In a seminal study released in 2015, researchers from the University of Chicago showed that children who are raised in multilingual environments develop empathy earlier and more fully. As a proxy for emotional understanding, the study tested spatial reasoning: the kids who participated were asked to envision and manipulate objects hidden from their view, but visible to the researchers. Children who had been raised with exposure to multiple languages passed this reasoning test far more frequently than those who hadn’t.
And take note of this minor distinction: These results applied to all children who had grown up around multiple languages, not just those who spoke those languages fluently.
(Those kids also probably make more money. So, American parents back home, here's your takeaway: next time you’ve got the kids strapped in on the way to soccer practice, if you want to watch that sensible Honda Odyssey turn into a svelte, early-retirement Maserati before your very eyes, just fire up some Duolingo on the sound system. Or Muzzy the Bear. Does that still exist? I don’t know. My mom used to play us Yanni’s seminal Live at the Acropolis album on cassette tape, which I think came complimentary if you bought a green Eddie Bauer edition Ford Explorer between the years of 1992-1996…)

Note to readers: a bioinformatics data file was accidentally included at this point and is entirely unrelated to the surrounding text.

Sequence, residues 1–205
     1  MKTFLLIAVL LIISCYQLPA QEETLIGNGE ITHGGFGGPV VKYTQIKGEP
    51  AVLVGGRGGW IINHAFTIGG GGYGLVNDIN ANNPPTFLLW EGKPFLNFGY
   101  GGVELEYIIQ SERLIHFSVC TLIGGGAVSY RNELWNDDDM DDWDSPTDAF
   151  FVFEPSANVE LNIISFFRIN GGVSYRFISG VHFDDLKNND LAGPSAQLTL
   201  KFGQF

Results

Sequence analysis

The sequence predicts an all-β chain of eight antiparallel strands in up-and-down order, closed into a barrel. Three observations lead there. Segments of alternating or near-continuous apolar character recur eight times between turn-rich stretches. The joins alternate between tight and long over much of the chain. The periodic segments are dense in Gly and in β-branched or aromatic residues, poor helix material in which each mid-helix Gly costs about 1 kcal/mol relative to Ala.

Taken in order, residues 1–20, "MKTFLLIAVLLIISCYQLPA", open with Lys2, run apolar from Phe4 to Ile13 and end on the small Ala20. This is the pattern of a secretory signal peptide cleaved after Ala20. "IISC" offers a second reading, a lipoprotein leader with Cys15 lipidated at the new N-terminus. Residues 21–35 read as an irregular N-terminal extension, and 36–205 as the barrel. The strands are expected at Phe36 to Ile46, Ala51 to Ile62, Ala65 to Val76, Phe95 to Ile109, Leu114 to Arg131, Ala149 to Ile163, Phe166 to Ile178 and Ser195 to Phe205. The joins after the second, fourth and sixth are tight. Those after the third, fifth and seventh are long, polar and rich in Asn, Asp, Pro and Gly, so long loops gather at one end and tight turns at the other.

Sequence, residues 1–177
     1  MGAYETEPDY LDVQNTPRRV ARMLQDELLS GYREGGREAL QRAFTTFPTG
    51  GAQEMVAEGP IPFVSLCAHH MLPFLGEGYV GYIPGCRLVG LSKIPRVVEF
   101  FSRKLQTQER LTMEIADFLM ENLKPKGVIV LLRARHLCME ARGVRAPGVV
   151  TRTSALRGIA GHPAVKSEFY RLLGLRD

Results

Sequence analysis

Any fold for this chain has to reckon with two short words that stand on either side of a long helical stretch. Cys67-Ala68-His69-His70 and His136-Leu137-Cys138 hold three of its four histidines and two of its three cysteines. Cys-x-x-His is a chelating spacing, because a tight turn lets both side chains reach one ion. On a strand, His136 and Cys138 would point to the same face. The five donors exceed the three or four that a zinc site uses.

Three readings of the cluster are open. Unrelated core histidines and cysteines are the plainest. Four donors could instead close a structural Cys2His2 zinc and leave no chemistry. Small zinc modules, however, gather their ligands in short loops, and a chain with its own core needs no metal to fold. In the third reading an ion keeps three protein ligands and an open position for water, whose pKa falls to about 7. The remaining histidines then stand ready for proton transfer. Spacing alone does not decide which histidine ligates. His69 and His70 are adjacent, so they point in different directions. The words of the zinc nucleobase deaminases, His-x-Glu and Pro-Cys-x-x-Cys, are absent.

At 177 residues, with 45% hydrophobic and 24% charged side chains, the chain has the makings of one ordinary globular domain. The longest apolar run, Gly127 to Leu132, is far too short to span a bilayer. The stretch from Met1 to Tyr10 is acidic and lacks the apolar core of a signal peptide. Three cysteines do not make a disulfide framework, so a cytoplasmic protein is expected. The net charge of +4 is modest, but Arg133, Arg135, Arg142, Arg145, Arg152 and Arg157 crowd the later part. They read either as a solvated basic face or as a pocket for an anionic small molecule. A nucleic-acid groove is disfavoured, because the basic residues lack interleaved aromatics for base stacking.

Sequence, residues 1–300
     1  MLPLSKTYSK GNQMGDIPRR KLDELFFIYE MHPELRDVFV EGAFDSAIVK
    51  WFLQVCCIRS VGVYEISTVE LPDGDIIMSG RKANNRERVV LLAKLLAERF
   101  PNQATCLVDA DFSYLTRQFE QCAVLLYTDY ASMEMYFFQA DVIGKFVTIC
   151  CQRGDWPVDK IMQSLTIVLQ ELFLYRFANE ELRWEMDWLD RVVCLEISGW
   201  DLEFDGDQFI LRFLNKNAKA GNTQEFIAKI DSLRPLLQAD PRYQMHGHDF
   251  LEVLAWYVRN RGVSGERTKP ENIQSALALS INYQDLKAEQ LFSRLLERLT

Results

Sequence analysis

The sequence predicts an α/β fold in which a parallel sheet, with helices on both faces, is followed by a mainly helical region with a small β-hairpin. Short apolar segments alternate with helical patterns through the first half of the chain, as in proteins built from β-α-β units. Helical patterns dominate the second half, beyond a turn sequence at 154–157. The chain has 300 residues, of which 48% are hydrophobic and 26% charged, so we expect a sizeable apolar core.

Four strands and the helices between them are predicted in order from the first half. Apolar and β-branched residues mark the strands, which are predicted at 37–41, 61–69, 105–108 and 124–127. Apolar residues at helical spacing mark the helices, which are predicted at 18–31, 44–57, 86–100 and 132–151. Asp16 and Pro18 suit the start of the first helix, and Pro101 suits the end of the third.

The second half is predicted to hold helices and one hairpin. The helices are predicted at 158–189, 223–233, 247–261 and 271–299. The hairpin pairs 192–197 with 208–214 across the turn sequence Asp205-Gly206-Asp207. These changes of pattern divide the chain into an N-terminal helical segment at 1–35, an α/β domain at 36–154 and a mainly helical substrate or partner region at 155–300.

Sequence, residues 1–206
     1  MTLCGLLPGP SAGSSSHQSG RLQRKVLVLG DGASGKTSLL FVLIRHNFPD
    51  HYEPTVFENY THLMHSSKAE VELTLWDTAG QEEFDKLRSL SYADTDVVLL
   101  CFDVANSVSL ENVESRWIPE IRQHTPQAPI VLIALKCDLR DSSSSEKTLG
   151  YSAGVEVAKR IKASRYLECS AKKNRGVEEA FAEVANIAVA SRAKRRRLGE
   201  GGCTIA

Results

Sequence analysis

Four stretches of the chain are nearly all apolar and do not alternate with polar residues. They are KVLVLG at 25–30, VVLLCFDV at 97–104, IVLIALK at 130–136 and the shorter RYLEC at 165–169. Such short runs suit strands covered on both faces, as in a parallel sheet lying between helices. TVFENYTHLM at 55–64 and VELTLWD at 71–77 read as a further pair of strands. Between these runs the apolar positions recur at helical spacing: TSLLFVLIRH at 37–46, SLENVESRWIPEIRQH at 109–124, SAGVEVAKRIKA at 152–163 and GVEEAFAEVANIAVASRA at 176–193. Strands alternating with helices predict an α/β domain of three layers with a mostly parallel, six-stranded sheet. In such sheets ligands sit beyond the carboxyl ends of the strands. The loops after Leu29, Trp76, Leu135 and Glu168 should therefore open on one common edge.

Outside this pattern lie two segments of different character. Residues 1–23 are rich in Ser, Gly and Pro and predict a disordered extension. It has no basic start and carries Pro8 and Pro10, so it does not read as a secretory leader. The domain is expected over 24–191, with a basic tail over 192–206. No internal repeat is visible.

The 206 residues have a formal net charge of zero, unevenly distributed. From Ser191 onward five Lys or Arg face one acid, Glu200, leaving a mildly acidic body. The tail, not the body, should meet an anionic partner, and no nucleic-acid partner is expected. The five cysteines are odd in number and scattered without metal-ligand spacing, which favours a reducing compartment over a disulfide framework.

...Sorry, where were we? Right, benefits of expat-ness. The way I see it, there’s an ultimate benefit of all this uncertainty, a psychological participation trophy for still picking yourself up and dusting yourself off after years of awkward encounters at the bank or the supermarket or the post office. It’s a greater sense of yourself.
If society reflects your personality and essence back to you, then you’ll never see yourself so clearly as when you’re reflected in the surface of some foreign, unfamiliar pond. You’ll notice the ripples, the blemishes and what lies beneath the surface. You’ll learn how your reflection behaves when rocks are skipped off it, when strong winds warp and distort it for days at a time, and you’ll know that your essence remains the same beneath cultural turbulence.
So if you’re thinking about making a leap of faith and becoming an expat, don’t be afraid. The gap between your present state and your ideal future might seem daunting, perhaps insurmountable. It’s more of a headfirst dive than a leap of faith anyway, and the water’s cold and bracing at first. But when you rise to the surface and calm comes again, you’ll be rewarded with a clearer view of yourself than ever.